1 in 2 NZ Consumers Will Abandon Long Online Banking

Credit: Original article can be found here

FICO’s 2021 digital banking survey
shows that people in New Zealand expect a seamless banking
experience when it comes to opening an account via a mobile
app or website, with one in two expecting to answer
10 questions or less
or they will abandon the
process. One in five New Zealanders will
drop out if asked more than five questions.

“The
pandemic is driving a digital-first mindset in the New
Zealand with 28 percent of consumers more likely to
open an account digitally
than a year ago,”
said Aashish Sharma, senior director of decision
management solutions for FICO in Asia Pacific.
“The number of consumers who prefer to open bank
accounts digitally has grown to 61 percent and continues to
rise as New Zealanders become more comfortable managing
their finances online.”

Turning friction into
momentum

The survey revealed that consumer patience
with account applications varied according to product. New
Zealanders had the highest expectations for completing
applications in 10 questions or less, for savings
accounts (62 percent), Buy Now Pay Later products (59
percent) and transaction accounts (58
percent).

Interestingly this expectation was
significantly higher than other countries in the survey. For
instance, just 41 percent of UK consumers
expected to answer 10 questions or less when
opening a transaction
account
.

Overall New Zealand consumers want
digital experiences that reduce friction and inconvenience.
They expect their main bank to know them, 72 percent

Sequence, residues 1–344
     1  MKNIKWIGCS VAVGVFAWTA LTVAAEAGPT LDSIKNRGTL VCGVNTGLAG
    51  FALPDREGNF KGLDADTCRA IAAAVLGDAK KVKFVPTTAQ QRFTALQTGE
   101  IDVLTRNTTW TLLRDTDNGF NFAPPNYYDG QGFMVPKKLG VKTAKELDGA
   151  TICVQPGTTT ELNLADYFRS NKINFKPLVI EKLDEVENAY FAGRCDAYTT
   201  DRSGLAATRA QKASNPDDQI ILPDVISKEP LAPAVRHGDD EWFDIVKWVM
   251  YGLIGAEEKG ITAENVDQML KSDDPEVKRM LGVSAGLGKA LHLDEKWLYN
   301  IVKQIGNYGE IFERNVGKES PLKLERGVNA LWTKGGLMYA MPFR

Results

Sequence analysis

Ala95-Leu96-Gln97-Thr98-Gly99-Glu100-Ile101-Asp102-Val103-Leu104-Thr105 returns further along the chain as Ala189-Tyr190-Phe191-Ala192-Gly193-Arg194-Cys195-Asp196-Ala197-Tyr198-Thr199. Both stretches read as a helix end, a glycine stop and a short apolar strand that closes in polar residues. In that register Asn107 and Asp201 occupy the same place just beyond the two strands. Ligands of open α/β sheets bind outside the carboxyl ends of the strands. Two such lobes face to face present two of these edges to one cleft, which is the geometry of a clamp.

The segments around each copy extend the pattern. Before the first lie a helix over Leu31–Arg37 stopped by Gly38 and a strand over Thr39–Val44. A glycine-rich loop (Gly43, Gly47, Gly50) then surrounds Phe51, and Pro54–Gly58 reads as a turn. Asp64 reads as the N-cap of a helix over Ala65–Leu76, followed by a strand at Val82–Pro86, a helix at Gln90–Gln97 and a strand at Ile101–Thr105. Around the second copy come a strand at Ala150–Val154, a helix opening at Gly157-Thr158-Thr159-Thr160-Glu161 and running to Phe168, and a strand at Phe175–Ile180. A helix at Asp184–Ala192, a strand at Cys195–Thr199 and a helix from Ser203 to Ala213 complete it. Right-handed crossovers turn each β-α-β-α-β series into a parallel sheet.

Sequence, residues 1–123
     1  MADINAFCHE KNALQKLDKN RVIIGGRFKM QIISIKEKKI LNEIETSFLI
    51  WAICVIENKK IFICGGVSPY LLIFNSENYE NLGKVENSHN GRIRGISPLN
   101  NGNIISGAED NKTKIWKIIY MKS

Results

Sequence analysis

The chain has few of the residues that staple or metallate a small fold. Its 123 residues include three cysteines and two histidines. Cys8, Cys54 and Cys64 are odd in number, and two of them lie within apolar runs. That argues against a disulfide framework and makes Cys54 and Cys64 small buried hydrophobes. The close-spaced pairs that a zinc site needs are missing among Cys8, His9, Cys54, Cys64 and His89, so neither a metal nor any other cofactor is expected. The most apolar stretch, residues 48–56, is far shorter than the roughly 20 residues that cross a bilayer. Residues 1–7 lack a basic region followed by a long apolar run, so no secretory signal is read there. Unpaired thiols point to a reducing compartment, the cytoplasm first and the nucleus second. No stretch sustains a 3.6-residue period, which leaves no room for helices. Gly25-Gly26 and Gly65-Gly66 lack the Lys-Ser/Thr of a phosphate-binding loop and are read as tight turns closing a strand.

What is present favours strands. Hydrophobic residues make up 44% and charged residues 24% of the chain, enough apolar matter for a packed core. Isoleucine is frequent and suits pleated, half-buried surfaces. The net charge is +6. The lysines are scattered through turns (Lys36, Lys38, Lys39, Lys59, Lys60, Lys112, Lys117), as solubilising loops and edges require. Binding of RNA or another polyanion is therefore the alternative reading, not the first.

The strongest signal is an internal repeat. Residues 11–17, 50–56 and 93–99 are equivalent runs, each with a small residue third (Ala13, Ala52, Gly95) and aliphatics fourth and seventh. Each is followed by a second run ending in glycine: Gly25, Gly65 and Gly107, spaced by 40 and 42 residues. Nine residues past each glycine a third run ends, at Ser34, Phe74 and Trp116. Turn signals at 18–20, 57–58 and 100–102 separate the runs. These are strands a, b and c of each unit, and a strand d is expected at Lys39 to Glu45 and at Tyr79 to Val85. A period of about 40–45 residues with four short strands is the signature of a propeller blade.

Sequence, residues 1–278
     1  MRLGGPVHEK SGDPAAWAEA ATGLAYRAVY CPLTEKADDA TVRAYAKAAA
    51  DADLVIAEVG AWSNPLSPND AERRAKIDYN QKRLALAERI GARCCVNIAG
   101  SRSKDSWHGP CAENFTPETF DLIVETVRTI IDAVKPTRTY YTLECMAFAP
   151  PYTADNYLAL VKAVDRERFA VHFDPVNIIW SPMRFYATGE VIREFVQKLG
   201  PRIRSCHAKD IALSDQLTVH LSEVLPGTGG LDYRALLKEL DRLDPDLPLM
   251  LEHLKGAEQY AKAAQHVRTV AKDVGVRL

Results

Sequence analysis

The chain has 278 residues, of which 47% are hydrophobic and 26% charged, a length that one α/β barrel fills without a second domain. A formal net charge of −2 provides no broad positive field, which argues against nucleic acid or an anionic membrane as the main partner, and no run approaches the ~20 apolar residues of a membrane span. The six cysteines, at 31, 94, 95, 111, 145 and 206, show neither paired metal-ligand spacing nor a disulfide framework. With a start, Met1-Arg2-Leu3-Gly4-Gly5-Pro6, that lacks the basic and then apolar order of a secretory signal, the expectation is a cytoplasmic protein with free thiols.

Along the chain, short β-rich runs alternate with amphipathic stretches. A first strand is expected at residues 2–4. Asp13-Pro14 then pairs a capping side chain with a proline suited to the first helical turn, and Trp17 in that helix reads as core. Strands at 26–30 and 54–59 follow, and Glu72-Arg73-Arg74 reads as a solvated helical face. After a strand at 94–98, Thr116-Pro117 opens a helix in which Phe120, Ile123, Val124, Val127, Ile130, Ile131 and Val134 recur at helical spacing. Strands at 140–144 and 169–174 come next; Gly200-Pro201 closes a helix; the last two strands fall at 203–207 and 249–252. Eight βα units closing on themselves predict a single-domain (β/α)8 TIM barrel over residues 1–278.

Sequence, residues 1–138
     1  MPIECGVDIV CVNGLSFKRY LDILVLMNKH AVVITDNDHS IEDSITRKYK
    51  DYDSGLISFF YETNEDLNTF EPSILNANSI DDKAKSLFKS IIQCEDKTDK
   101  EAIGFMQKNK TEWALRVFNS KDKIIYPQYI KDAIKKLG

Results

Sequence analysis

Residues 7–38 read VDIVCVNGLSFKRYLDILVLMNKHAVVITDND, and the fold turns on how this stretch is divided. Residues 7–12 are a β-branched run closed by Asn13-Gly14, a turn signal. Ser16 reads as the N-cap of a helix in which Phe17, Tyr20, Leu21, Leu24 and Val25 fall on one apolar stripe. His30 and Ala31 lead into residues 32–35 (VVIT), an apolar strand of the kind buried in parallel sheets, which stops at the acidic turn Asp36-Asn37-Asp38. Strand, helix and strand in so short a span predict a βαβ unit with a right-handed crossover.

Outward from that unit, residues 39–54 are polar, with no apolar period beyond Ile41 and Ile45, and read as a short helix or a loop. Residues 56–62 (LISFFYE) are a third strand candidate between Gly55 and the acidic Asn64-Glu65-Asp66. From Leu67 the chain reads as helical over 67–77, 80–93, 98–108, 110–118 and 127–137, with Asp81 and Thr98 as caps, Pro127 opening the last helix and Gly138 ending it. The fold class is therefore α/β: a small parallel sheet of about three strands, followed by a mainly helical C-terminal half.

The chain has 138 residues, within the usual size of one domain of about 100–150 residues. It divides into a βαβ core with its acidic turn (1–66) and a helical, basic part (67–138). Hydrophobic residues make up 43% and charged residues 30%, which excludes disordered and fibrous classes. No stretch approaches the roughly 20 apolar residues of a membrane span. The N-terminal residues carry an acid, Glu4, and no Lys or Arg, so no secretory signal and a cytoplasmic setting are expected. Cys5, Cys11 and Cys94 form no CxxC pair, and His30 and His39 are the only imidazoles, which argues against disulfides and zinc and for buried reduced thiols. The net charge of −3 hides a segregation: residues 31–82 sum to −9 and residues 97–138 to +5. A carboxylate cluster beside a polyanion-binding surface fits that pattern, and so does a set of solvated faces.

want to
prove their identity
online
and 16 percent of New Zealanders say
that financial institutions ask too many
questions
.

“Where there is friction there
is opportunity, as the quote goes,” said
Sharma.
“Either you solve it for your customers
today, or a competitor will do it tomorrow. Consumers want
banks to find answers to application questions through
technology approaches such as improved identity checks,
transaction history analysis, open banking and government
databases.”

Mortgages deserve more
scrutiny

The survey showed that increased friction
and security is deemed appropriate by consumers when it
comes to applying and onboarding for specific high-value
financial products.

Despite relatively high levels of
ease and confidence in applying for day-to-day online
financial products such as current accounts, savings, loans
and credit cards, more than half (61 percent) of customers
polled expect greater rigor when it comes to mortgage
applications.

Research showed that just 25
percent of New Zealanders would apply for a mortgage
digitally
, compared to the survey average of around
one in three (34 percent). In all countries bar the USA and
UK, in-branch openings are preferred to online methods.
South Africa was a modest outlier with 43 percent of
customers favoring online mortgage
applications.

Nearly three in five New Zealanders
polled (58 percent) said they were willing to answer 11 to
20 or more questions when it came to applying online for a
mortgage.

Don’t change the channel

New
Zealanders who open an account digitally prefer to carry out
the process entirely in their chosen channel, whether it be
smartphone or website. If customers are asked to move out of
channel to prove their identities, many of them will
abandon the application
, either giving up on
opening an account completely or by going to a competitor.
Of those who don’t immediately abandon, up to an
additional 24 percent will delay the
process
.

The survey found that any disruption
matters. Asking people to scan and email documents or use a
separate identity portal causes almost as much application
abandonment as asking them to visit branches or mail in
documents.

This survey was conducted in
January 2021 by an independent research
company adhering to research industry standards.
1,000 New Zealand adults were surveyed,
along with 13,000 consumers in the
USA, UK, Canada, South Africa, Australia, Indonesia,
Malaysia, The Philippines, Vietnam, Thailand, Brazil,
Colombia and Mexico
.

FICO is a registered
trademark of Fair Isaac Corporation in the US and other
countries.

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